Shibe Park, Philadelphia, September 3, 1929 – A hustling Gehrig is out at first base as Yankees are routed by Athletics 10-2

Shibe Park, Philadelphia, September 3, 1929 – A hustling Gehrig is out at first base as Yankees are routed by Athletics 10-2

 

 

Despite trailing 9-2 in the sixth inning, the Yankees’ Lou Gehrig still busts it down the line on a ground ball out as Athletics first baseman Jimmie Foxx takes the throw. The remarkable thing about this image is Gehrig had hit it back to the pitcher George Earnshaw and from the looks of it the Iron Horse still almost beat the throw.

Connie Mack’s A’s would add another run in the 8th to make it 10-2 and Earnshaw would shut the door on New York getting the four-hit complete game win to give the second year right-hander his 20th win of the season. The only real blemish was a fifth inning home run to Gehrig but along the way he struck out five including Babe Ruth twice.

The heroics with the bat for Philadelphia was slugger Al Simmons, the left fielder hit two doubles and knocked in four runs off Yankees pitching, his first victim was starter George Pipgras who failed to even get out of the first inning when the A’s scored five times. Also for the A’s second baseman Max Bishop hit only his second homer of the season while third baseman Jimmy Dykes hit his 12th.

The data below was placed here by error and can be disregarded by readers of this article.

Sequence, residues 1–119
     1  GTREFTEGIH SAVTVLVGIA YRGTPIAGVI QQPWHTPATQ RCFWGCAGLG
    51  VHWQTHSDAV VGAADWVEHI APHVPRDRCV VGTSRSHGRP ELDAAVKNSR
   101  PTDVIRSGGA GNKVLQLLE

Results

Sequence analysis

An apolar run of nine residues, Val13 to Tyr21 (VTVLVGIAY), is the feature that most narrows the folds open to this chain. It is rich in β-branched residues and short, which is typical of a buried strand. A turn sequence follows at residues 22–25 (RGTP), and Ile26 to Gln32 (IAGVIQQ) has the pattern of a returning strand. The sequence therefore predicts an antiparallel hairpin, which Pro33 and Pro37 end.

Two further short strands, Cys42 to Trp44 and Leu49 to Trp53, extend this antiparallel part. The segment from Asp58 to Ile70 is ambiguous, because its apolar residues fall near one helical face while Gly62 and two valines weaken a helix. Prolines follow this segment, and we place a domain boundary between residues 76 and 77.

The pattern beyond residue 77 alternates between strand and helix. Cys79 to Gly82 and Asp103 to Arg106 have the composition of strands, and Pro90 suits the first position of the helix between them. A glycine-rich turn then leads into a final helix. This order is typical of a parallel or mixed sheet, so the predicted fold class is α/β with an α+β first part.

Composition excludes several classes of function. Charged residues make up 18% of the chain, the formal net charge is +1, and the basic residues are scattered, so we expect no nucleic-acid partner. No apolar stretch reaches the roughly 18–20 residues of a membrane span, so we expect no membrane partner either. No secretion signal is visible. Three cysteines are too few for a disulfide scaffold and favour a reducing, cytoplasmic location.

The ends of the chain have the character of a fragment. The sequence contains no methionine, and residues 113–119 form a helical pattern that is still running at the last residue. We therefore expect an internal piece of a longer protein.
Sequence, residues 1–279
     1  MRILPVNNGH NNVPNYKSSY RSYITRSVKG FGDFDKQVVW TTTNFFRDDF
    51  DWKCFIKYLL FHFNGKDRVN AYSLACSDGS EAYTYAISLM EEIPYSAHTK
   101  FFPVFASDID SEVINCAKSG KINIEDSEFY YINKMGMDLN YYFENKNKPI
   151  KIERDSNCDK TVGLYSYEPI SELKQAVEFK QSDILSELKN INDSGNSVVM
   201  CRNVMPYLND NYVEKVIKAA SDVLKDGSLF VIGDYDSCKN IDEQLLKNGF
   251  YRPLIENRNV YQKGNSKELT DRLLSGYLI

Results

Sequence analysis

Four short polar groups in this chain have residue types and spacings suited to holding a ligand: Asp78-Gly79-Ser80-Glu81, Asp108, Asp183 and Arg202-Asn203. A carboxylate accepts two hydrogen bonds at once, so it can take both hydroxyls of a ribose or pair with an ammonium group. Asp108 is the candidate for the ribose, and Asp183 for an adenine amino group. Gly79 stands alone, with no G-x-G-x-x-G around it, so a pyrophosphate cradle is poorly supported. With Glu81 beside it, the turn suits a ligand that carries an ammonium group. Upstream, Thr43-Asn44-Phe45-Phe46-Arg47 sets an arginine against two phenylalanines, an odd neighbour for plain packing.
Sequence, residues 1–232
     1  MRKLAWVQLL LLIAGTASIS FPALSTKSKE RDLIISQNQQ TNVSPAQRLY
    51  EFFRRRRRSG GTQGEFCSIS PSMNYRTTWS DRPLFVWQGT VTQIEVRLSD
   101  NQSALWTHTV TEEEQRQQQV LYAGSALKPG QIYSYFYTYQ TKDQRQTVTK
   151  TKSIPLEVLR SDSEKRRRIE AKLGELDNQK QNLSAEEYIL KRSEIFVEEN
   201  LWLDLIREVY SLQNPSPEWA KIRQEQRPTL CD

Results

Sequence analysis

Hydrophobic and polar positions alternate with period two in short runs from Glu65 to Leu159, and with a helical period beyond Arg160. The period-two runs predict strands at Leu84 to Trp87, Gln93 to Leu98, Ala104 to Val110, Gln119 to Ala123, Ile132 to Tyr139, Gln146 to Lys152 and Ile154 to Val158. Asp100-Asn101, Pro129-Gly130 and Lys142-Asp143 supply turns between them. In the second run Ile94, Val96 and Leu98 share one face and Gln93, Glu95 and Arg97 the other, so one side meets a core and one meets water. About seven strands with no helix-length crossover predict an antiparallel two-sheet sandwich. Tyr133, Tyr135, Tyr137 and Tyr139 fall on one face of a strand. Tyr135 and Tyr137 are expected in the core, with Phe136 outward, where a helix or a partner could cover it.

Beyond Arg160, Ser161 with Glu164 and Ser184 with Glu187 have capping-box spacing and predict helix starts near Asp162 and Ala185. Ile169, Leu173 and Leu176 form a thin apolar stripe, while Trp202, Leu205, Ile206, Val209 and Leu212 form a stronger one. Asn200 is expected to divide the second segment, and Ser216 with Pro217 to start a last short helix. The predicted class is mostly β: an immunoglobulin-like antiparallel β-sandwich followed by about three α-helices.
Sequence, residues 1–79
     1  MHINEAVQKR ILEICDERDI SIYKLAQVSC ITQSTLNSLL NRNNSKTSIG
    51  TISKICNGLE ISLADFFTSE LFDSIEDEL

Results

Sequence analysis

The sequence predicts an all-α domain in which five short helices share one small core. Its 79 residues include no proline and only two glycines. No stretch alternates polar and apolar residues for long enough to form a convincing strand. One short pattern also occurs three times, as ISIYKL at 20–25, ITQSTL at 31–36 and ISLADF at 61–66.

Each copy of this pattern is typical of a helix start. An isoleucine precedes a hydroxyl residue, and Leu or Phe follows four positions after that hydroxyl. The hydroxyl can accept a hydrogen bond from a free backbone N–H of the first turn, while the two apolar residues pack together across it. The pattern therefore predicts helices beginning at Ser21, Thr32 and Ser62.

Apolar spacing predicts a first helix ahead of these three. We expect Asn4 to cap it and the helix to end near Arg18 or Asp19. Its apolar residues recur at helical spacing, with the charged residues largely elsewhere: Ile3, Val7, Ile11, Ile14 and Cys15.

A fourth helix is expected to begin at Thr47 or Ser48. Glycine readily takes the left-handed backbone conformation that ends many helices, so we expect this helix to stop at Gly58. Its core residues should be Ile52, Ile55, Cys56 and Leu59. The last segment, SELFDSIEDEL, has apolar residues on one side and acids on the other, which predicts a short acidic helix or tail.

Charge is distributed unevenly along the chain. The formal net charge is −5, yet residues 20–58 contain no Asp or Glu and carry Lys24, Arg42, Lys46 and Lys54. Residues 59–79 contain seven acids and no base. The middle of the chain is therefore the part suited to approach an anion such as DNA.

The loss pushed the two-time defending champs a stunning 14.5 games behind the first-place Athletics, something I’m sure every Yankee didn’t envision before the season started after coming off their second straight World Series title and third consecutive American League pennant. The fact that the Athletics won the pennant wasn’t that all surprising considering they only finish 2.5 games behind the Yanks the previous season and had young rising stars such as Foxx, Simmons and catcher Mickey Cochrane , but to do it with such ease was impressive and unexected.

In the end the A’s would finish with a 104-46 record and 18 games in front of the Yankees and in the World Series would have little trouble with the Chicago Cubs, winning the series in five games.

Note in the photo the glove on the ground in foul territory – most likely it was Gehrig’s as was the custom for infielders to leave their gloves on the grounds and not carry them back in the dugouts.

Also in photo is first base umpire Bick Campbell, only in his second year on the job.

Like to give a big tip of the hat to my friend Jay Gauthreaux, for finding this wonderful photo.

 

-Ron A. Bolton

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